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Calculator (Apple)

Stable release
macOS: 10.16
Operating systemClassic Mac OS, macOS, iOS, iPadOS, watchOS

Calculator is a basic calculator application made by Apple Inc. and bundled with its macOS, iOS, iPadOS, and watchOS operating systems. It has three modes: basic, scientific, and programmer. The basic mode includes a number pad, buttons for adding, subtracting, multiplying, and dividing, as well as memory keys. Scientific mode supports exponents and trigonometric functions. The macOS version of Calculator also has a programmer mode that gives the user access to more options related to computer programming.[1]

The Calculator program has a long associated history with the beginning of the Macintosh platform, where a simple four-function calculator program was a standard desk accessory from the earliest system versions. Though no higher math capability was included, third-party developers provided upgrades, and Apple released the Graphing Calculator application with the first PowerPC release (7.1.2) of the Mac OS, and it was a standard component through Mac OS 9. Apple also ships a different application with macOS called Grapher for this purpose.[2]

A calculator function has been included with iOS since its launch on iPhone[3] and iPod Touch.[4] However, iPads have never had a first party calculator application, until the announcement of iPadOS 18 in 2024. A native calculator function was added to the Apple Watch with watchOS 6, which included a dedicated button for calculating tips.[5]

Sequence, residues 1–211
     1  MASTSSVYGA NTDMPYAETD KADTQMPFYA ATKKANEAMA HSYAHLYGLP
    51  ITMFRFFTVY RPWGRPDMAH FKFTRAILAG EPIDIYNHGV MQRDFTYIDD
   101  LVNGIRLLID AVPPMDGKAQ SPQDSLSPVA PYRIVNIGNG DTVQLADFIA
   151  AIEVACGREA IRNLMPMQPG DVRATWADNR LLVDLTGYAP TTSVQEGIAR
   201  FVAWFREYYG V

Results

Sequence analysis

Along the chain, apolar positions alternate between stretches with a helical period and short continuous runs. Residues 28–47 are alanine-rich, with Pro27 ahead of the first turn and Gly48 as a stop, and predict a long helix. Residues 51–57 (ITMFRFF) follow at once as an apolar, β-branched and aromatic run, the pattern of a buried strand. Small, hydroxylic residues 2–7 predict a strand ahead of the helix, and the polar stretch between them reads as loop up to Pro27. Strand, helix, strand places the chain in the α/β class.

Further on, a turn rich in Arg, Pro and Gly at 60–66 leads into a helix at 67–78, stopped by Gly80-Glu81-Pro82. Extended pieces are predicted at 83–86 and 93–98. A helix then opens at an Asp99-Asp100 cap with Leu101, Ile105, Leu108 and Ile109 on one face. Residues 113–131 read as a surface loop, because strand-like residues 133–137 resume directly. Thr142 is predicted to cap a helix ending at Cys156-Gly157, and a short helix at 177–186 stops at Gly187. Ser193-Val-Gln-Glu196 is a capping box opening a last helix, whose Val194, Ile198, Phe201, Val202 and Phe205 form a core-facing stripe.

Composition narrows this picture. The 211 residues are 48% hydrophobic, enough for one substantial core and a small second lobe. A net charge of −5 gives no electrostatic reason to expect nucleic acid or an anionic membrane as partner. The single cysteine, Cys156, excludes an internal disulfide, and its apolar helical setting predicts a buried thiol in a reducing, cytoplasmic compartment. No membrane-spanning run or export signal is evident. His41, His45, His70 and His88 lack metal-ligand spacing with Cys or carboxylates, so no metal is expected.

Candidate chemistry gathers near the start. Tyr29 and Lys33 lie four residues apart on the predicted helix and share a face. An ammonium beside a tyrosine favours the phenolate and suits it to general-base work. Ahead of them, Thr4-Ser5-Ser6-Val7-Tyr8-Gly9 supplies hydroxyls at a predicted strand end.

Calculator has Reverse Polish notation support, and can also speak the buttons pressed and result returned.

The calculator also includes some basic conversion functions to convert between units in the following categories:

  • Area
  • Currency (exchange rates may be updated over the Internet)[6]
  • Energy or Work
  • Temperature
  • Length
  • Speed
  • Pressure
  • Weight/Mass
  • Power
  • Volume

Since the release of Mac OS X Leopard, simple arithmetic functions can be calculated from the Spotlight feature.[7] They include the standard addition, subtraction, multiplication, and division operations, with exponentiation and the use of the percent sign to denote percentage.

A Dashboard Calculator widget was included in all versions of macOS from Mac OS X Tiger onwards until Mojave, after which Dashboard was discontinued. It only has the basic mode of its desktop counterpart. With the release of OS X Yosemite, unit conversion functions were added to the Spotlight calculator,[8] as well as a simple calculator widget available in the Notification Center.[9]


The Mac OS Calculator as it shipped in 1984, with System 1

The Calculator appeared first as a desk accessory in first version of Macintosh System for the 1984 Macintosh 128K. Its original incarnation was developed by Chris Espinosa and its appearance was designed, in part, by Steve Jobs when Espinosa, flustered by Jobs's dissatisfaction with all of his prototype designs, conceived an application called The Steve Jobs Roll Your Own Calculator Construction Set that allowed Jobs to tailor the look of the calculator to his liking. Its design was maintained with the same basic math operations until the final release of classic Mac OS in 2001.[10]